Buying your first investment property (part two)

For those of you that missed the first one – start here and read up on the importance of picking your real estate team and some key rules to follow.  Today we’re going to dig into some of the details and get you one step closer towards owning your first investment property!

Location, location, location

Start close to home

This will likely be the biggest chunk of money you’ve ever seen leave your bank account up until now, so it definitely helps to make things as easy as possible.  This won’t necessarily work for everyone, but for many of us it’s easiest to start in an area we know better than anywhere else.  Even before starting your search you should have a pretty good sense of which neighborhoods are “better” than others, and as you apply some of the rules we discussed last week, you’ll start to have a pretty good idea of where you’d like to be.

Know your market

You talk to just about any home owner and they’ll give you a generic “it’s all about location.”  Sure, if you’re looking at buying a place in Manhattan, anywhere on Central Park would be a great area to be in.  Does that mean that you should buy there? No – there are tons of great areas to invest in, but with each area the parameters will change.  I’d separate these into mature, stable, and up-and-coming regions of the city.  We can call these A, B, and C level properties, and with each category you’ll need to have different expectations for how the property will perform.  A-level properties will naturally be the most expensive, and typically will actually have lower rental yields than the other categories.  B-level properties are somewhere in between, with a combination of appreciation potential and better rental yields.  C-level properties tend to have a lot of risk, but they also can have relatively high rental yields which can mean higher cash flow for you.

As you build up your portfolio, you’ll likely own a variety of properties which will provide some diversification across the different classes of properties.  When you’re starting off, however, I tend to think somewhere in the middle is generally a good place to be.  These will be areas with low crime (look through Trulia for crime maps of your city), relatively good schools (Zillow is good for school ratings), but usually they still won’t be considered “prime” real estate (yet).   

Find a catalyst (if possible)

You can also look for regions that may have some sort of catalyst to make the area more attractive going forward.  This can be anything from a new shopping center nearby, improved transit options (new train line), or some sort of investment from the city to beautify the region.  A catalyst isn’t always necessary as primarily we are looking at properties for cash-flow potential as opposed to appreciation potential, but it’s a nice bonus if you can factor it in as well.   Once you have an idea of where this neighborhood might be, it’s time to start narrowing down your options.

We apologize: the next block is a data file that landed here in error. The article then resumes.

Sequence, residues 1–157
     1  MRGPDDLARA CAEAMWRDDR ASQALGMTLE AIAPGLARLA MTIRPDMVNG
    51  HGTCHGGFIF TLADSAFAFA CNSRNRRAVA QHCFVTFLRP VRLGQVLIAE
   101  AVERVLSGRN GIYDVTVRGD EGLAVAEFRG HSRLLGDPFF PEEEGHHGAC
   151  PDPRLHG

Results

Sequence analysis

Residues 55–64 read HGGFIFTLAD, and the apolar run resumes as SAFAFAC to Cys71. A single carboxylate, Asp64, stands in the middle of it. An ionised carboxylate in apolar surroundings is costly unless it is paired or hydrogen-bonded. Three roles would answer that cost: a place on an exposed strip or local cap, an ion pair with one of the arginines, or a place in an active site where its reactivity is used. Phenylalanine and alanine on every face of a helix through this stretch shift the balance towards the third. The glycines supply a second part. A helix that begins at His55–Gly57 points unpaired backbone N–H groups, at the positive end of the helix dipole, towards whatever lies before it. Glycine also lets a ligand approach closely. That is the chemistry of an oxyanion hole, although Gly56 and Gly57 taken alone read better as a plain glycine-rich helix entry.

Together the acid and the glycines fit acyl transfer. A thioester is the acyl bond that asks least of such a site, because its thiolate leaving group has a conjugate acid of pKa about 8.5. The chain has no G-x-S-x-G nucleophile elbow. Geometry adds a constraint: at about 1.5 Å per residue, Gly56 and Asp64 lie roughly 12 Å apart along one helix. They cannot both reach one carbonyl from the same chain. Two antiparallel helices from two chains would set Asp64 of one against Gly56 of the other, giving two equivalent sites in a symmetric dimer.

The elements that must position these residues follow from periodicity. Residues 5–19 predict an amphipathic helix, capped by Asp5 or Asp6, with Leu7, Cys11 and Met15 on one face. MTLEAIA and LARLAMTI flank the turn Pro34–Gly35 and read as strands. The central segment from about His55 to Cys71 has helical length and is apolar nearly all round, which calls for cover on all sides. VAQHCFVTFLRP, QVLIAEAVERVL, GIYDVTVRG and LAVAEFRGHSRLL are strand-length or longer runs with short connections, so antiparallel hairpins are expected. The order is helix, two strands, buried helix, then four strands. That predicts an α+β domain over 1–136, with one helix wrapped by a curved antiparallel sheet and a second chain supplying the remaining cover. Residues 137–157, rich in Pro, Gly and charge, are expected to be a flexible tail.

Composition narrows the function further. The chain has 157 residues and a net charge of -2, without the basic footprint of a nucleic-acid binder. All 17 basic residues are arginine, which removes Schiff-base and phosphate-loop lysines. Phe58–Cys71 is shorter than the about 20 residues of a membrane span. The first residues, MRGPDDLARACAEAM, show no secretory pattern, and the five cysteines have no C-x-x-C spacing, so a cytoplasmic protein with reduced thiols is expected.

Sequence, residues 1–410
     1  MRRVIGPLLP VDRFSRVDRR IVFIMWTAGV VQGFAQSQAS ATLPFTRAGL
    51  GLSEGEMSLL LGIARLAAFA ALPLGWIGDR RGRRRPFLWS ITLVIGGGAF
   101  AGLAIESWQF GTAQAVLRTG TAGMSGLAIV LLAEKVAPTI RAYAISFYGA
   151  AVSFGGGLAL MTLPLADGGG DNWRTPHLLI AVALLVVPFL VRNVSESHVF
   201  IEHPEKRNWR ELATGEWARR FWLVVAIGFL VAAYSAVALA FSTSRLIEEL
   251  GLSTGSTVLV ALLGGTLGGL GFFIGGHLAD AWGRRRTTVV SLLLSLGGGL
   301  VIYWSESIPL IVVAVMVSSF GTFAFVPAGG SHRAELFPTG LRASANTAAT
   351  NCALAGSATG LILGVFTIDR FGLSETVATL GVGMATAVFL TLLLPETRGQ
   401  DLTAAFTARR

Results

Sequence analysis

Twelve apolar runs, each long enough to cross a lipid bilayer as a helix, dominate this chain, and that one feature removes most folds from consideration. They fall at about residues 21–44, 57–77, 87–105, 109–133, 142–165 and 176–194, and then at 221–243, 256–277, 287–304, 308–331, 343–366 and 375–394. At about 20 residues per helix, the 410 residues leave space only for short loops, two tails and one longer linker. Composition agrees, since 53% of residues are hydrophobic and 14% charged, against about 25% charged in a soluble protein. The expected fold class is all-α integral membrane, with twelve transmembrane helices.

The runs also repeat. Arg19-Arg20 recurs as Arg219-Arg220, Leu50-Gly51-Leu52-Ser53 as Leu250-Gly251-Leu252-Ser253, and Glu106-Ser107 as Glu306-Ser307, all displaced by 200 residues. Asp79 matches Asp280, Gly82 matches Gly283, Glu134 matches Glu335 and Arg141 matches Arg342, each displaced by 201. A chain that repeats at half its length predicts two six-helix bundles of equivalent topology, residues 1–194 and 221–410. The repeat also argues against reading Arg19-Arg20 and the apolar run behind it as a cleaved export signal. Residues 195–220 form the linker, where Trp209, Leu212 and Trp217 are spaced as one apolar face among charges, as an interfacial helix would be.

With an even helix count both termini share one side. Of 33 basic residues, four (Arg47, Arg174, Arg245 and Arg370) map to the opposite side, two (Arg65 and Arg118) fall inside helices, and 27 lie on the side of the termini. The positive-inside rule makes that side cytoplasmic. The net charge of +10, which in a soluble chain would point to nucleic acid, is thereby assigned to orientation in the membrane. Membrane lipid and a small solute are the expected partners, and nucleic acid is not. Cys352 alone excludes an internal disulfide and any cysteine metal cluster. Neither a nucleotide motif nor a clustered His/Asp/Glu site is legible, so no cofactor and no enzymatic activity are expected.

Due diligence time

Last week we talked briefly about the “1% rule,” which as some of you may remember, states that monthly rent is greater than 1% of the purchase price of the home.  It’s an easy way to filter through the huge number of properties available in any neighborhood, and it will generally protect you from making a poor investment.  To even get started on using the 1% rule, you’ll need to have a pretty good idea of what average rents are for the city.  This is where it can really help to have a property manager that knows the area extremely well, as listed rents are not always accurate (although it is still a good idea to do some research on your own.)  As you begin researching average rents, you’ll find that there is often a big jump from 1 to 2 bedroom apartments and a slightly smaller jump from 2 to 3 bedroom apartments.  The takeaway? For similar houses, having more bedrooms is usually better, all else being equal.

Once you’ve found a couple of properties that fulfill the 1% rule, this is the time to really figure out your expenses.  The property sellers will often have a cash flow statement if the property has been used as an investment property in the past, otherwise you may have to default to the expertise of your property manager to figuring out what a ballpark range for utility bills, maintenance, etc will be for the properties that you’ve found.  This is where the “cap rate” comes into play, which is essentially a measure of the cash flow of the property divided by the purchase price.

What that means in practice is – you can compare properties on a more “apples to apples” basis.  One property renting for $1200 a month and costing $100k isn’t necessarily better than a property renting for $1000 a month and costing $100k, especially if the expenses for the first property come in at  $250 more than the second one.  The cap rate enables you to figure out what the actual return will be,  which will make deciding which property to purchase that much easier.   Ultimately the more you find out, the better off you’ll be to make an educated offer later on.

To sum up:

  • Pick a location that’s familiar to you, and find a stable neighborhood with homes that fulfill the 1% rule
  • Try and find a neighborhood with a potential catalyst to improve the value of the home over time
  • More bedrooms come at a premium for rent – but not always at a premium purchase price (homes often sell based on square footage, renters are more concerned about bedrooms)
  • Use a property manager to figure out average rents and expense levels throughout the city
  • The 1% rule is just the starting point – comparing properties by cap rate will give you a more realistic idea of how each property will perform

Join us next week for the third installment of buying your first investment property – if you haven’t read the first one yet give it a read here!



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